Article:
# Prob Biden Wins WI in 2020

#### hlsmith

##### Less is more. Stay pure. Stay poor.
I did this quick for @Dason!

Code:
################################################
# Monte Carlo Simulation
B = 1630337
T = 1609640
Tot_counted = B + T
Counted_Per = 0.97
State_Tot = Tot / Counted_Per
Outstanding = State_Tot - Tot
N = 100000
set.seed(2020)
y_rbeta <- rbeta(N, shape1 = 10, shape2 = 10)
hist(y_rbeta)

B_pred = (y_rbeta * Outstanding) + B

Target = State_Tot * 0.50
Target

hist(B_pred, main="Simulated Prob Biden Wins WI",
xlab='Simulated Biden Votes'); abline(v=Target, col='red', lwd=2)

prob = (sum(B_pred > Target)) / N
prob
###############################################

Simulated values do not take into account which counties are outstanding and their past tendencies!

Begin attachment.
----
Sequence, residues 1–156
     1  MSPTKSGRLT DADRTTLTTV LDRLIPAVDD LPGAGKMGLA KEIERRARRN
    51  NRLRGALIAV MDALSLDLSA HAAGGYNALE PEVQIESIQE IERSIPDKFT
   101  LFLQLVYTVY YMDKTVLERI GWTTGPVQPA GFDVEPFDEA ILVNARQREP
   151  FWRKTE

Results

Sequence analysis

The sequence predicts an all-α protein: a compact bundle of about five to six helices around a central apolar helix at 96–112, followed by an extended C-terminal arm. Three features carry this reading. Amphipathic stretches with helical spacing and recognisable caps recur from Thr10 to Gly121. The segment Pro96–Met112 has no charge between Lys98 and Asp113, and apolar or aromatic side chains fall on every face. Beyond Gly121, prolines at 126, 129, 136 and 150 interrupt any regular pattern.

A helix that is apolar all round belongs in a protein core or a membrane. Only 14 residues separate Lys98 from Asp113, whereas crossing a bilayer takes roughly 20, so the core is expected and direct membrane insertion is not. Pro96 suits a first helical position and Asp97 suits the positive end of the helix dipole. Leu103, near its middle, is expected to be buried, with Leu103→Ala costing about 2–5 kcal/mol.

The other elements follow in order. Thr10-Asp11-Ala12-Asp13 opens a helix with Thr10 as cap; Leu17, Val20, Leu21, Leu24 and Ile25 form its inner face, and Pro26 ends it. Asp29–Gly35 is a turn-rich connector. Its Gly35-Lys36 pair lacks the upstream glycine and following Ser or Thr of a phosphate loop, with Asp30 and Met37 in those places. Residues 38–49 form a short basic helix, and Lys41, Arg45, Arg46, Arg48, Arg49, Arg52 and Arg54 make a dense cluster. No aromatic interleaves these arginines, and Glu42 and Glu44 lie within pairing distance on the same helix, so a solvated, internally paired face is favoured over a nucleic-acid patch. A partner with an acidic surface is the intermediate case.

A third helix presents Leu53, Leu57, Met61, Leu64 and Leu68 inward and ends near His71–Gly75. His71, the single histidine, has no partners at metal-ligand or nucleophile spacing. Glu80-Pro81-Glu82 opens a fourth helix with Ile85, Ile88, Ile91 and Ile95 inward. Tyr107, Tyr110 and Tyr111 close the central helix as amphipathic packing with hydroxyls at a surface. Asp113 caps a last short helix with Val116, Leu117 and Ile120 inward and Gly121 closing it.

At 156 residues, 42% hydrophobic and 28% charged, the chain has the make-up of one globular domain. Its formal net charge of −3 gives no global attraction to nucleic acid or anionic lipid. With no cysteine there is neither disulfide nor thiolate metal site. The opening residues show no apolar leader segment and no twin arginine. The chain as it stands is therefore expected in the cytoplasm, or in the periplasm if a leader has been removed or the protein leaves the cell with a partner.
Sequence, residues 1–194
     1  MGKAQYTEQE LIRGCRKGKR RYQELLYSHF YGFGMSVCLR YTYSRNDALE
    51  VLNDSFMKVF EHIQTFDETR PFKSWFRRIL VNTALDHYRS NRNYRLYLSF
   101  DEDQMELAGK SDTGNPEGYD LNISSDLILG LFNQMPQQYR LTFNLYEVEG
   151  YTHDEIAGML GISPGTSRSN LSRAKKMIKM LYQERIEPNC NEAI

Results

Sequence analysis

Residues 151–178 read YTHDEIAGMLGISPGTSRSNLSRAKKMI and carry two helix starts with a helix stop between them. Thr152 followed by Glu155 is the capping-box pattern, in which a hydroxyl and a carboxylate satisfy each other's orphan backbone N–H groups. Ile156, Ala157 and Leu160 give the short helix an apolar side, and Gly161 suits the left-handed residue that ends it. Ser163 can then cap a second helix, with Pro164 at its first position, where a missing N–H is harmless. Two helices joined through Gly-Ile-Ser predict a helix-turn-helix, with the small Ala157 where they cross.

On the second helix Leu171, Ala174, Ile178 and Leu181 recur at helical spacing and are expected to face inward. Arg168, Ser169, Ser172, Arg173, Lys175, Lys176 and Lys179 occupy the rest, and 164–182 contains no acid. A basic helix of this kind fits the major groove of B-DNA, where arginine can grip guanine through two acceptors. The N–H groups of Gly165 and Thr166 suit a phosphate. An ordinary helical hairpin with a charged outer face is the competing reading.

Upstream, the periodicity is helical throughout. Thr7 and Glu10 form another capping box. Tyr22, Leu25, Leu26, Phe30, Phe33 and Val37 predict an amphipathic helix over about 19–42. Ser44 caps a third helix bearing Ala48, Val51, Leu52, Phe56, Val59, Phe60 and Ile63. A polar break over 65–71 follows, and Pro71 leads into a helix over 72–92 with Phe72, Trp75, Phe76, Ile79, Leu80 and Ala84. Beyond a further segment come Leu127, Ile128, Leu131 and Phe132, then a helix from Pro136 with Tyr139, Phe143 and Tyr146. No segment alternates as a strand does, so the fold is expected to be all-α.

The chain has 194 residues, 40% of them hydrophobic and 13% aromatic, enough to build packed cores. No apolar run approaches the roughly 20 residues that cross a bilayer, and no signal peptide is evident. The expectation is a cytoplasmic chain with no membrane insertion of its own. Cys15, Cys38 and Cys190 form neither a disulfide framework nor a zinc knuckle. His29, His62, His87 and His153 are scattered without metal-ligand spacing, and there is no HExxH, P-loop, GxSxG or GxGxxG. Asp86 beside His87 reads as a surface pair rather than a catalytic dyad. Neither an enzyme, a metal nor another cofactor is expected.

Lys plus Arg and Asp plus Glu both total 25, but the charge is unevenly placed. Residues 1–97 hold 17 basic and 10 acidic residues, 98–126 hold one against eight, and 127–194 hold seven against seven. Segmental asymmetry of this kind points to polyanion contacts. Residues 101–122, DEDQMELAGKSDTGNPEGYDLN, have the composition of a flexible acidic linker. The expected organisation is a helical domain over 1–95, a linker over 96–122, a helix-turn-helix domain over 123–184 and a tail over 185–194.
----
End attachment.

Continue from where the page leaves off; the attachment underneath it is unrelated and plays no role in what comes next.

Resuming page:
Prob 82% given remaining 3% of votes follow beta dist centered at 50%

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#### noetsi

##### Loves R
How can you make a prediction with no known distribution?

#### hlsmith

##### Less is more. Stay pure. Stay poor.
Percentage of votes received is a percentage between 0-100. So the distribution is known. I just place the center at 50% and allow the values to land within 5-95% with the focus in the middle for 100k sim samples.

No magic, just stats. If desired you can do this for every county then weight the counties and sum across states based on the percentage of remaining votes.

#### noetsi

##### Loves R
The real population distribution is not known.

#### hlsmith

##### Less is more. Stay pure. Stay poor.
The population wouldnt have a distribution in the the sense that it would be a set value (e.g., 50.5% votes for X)

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